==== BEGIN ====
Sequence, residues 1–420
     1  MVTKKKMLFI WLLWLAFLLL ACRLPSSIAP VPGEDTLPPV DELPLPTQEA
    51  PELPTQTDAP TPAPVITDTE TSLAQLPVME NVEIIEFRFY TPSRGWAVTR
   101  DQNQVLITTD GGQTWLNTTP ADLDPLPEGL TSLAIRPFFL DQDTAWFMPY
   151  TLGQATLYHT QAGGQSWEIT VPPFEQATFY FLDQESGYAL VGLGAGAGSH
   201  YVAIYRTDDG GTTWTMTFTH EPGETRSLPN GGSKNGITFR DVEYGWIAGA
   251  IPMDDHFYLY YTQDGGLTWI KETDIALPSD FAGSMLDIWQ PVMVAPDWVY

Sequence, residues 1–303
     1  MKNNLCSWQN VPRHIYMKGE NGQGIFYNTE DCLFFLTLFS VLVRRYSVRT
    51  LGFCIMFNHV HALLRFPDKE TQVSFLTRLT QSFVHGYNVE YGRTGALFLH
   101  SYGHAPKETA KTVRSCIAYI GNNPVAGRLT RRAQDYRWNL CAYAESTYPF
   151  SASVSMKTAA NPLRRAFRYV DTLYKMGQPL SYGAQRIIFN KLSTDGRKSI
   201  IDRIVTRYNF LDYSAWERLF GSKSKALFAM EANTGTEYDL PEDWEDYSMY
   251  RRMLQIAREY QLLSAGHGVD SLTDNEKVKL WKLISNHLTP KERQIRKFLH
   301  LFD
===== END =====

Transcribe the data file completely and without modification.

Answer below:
Sequence, residues 1–420
     1  MVTKKKMLFI WLLWLAFLLL ACRLPSSIAP VPGEDTLPPV DELPLPTQEA
    51  PELPTQTDAP TPAPVITDTE TSLAQLPVME NVEIIEFRFY TPSRGWAVTR
   101  DQNQVLITTD GGQTWLNTTP ADLDPLPEGL TSLAIRPFFL DQDTAWFMPY
   151  TLGQATLYHT QAGGQSWEIT VPPFEQATFY FLDQESGYAL VGLGAGAGSH
   201  YVAIYRTDDG GTTWTMTFTH EPGETRSLPN GGSKNGITFR DVEYGWIAGA
   251  IPMDDHFYLY YTQDGGLTWI KETDIALPSD FAGSMLDIWQ PVMVAPDWVY

Sequence, residues 1–303
     1  MKNNLCSWQN VPRHIYMKGE NGQGIFYNTE DCLFFLTLFS VLVRRYSVRT
    51  LGFCIMFNHV HALLRFPDKE TQVSFLTRLT QSFVHGYNVE YGRTGALFLH
   101  SYGHAPKETA KTVRSCIAYI GNNPVAGRLT RRAQDYRWNL CAYAESTYPF
   151  SASVSMKTAA NPLRRAFRYV DTLYKMGQPL SYGAQRIIFN KLSTDGRKSI
   201  IDRIVTRYNF LDYSAWERLF GSKSKALFAM EANTGTEYDL PEDWEDYSMY
   251  RRMLQIAREY QLLSAGHGVD SLTDNEKVKL WKLISNHLTP KERQIRKFLH
   301  LFD